Chinese e-commerce tycoon Richard Liu to step away from the spotlight

Rural revitalisation and long-term strategy await founder of mega e-tailer JD.com


The founder and CEO of colossal Chinese e-tailer JD.com, Richard Qiangdong Liu, will step down from his leadership positions.

JD.com, aka Jingdong, has annual revenue of over $110 billion and is considered the sole top-tier competitor for Alibaba.com. US retail giant Walmart has a 12 per cent stake in the company.

Liu is feted in China for his business achievements and displays of humility – he was the sort of CEO who would regularly deliver parcels, so he understood the lot of his frontline workers and is often compared to Amazon.com founder Jeff Bezos. Alibaba founder and CEO Jack Ma was also a local hero … until he criticised government policy and suddenly stopped appearing in public.

Liu has also been the subject of a massive and very public display of support in China after he was accused of sexual assault in the USA in 2018. Liu insisted that he and his accuser had consensual sex. The woman felt otherwise, and Chinese netizens subjected her to months of abuse. The case generated months of online and media commentary – nearly all of it firmly supporting Liu and condemning his accuser, with allegations of US interference in Chinese affairs bubbling beneath the controversy.

JD.com's canned statement about Liu's departure quotes him saying the company has experienced replacements ready to step in.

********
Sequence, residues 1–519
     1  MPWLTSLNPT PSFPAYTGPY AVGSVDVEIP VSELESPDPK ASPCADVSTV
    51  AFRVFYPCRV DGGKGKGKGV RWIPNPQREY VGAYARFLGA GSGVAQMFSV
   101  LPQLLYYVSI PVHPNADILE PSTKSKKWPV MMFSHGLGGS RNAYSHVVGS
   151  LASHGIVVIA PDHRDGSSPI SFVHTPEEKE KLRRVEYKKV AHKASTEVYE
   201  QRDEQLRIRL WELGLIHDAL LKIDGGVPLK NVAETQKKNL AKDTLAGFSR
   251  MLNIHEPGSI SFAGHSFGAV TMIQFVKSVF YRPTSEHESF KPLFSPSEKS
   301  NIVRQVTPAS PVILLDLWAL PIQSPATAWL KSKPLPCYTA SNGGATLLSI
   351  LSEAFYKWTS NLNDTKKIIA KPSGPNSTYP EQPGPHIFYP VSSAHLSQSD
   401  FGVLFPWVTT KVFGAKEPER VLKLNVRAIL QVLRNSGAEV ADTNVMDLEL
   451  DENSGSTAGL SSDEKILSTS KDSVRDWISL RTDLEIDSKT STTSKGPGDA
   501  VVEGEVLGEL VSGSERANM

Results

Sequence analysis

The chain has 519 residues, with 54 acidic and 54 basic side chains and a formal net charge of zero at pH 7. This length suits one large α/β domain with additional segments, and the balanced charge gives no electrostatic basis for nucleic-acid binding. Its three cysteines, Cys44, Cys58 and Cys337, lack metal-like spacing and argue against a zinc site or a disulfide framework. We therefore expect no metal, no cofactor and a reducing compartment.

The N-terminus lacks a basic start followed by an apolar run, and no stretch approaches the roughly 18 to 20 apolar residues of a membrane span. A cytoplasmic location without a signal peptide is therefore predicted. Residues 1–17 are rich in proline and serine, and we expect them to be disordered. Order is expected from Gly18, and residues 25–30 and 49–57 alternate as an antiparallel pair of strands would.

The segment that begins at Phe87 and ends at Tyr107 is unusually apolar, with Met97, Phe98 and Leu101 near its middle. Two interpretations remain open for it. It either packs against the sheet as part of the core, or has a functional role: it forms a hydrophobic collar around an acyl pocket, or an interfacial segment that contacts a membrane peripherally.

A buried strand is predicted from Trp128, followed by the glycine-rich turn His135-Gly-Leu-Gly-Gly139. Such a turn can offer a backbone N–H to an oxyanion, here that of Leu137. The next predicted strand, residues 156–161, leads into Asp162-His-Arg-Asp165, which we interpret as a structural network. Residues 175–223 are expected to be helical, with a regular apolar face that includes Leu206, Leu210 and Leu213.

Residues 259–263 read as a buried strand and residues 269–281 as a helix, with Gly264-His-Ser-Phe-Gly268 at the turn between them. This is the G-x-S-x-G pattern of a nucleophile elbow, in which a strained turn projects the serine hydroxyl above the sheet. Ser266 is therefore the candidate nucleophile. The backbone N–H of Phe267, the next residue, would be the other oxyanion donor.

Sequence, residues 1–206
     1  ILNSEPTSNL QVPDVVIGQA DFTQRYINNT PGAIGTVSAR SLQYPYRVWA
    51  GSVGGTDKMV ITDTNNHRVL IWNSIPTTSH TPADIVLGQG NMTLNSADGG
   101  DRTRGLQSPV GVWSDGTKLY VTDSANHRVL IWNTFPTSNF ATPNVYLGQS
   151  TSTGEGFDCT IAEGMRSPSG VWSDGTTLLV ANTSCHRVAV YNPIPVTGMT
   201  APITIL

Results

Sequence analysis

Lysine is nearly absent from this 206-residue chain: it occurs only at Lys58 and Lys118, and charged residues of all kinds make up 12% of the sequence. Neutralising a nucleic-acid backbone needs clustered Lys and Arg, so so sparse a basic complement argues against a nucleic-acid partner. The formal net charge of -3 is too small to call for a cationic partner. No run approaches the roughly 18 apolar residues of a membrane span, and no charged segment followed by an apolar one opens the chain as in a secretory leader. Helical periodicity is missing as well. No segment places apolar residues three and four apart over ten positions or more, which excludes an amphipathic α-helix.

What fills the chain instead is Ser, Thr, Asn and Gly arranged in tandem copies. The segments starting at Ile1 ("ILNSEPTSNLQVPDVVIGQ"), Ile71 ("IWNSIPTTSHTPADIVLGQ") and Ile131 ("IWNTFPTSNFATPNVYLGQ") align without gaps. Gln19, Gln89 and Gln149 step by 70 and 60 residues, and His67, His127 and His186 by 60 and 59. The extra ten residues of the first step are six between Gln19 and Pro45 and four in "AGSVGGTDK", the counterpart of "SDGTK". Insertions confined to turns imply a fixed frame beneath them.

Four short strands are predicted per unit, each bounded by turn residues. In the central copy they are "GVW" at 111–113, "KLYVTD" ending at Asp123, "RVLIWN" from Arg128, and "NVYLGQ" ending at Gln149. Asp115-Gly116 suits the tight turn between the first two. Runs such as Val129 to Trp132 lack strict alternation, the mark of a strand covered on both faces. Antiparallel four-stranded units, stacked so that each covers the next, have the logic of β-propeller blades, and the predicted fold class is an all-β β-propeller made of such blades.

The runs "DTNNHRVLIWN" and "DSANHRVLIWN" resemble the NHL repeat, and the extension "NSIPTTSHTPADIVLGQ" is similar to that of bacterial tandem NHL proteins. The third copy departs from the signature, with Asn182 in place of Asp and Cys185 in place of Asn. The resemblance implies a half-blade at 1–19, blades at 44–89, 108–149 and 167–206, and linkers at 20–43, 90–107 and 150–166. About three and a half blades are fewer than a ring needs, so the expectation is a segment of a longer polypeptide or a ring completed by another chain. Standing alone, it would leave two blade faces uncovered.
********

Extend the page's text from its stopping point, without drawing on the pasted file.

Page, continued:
"JD has a sound management structure with a large number of excellent business leaders," Liu is quoted as saying.

Liu won't step away from the company completely and will now "devote more time to formulating the company's long-term strategies, mentoring younger management, and contributing to the revitalization of rural areas."

The last activity might be the most significant as Chinese President Xi Jinping has recently emphasised the need for "common prosperity" and the Communist Party of China has said it thinks the kind of extraordinary incomes earned by people like internet tycoons should not continue. China is also working to revive its rural economy – last week it published blueprints for "digital villages" that put tech to work to improve agricultural output and improving the lives of citizens outside the nation's cities.

Liu's expertise certainly won't hurt the effort to revitalise China's rural areas. And his departure from day-to-day leadership at JD.com is not hard to interpret as his own contribution to China"s common prosperity, or as another prominent figure from China's private sector moving into a position that attracts less attention and admiration. ®

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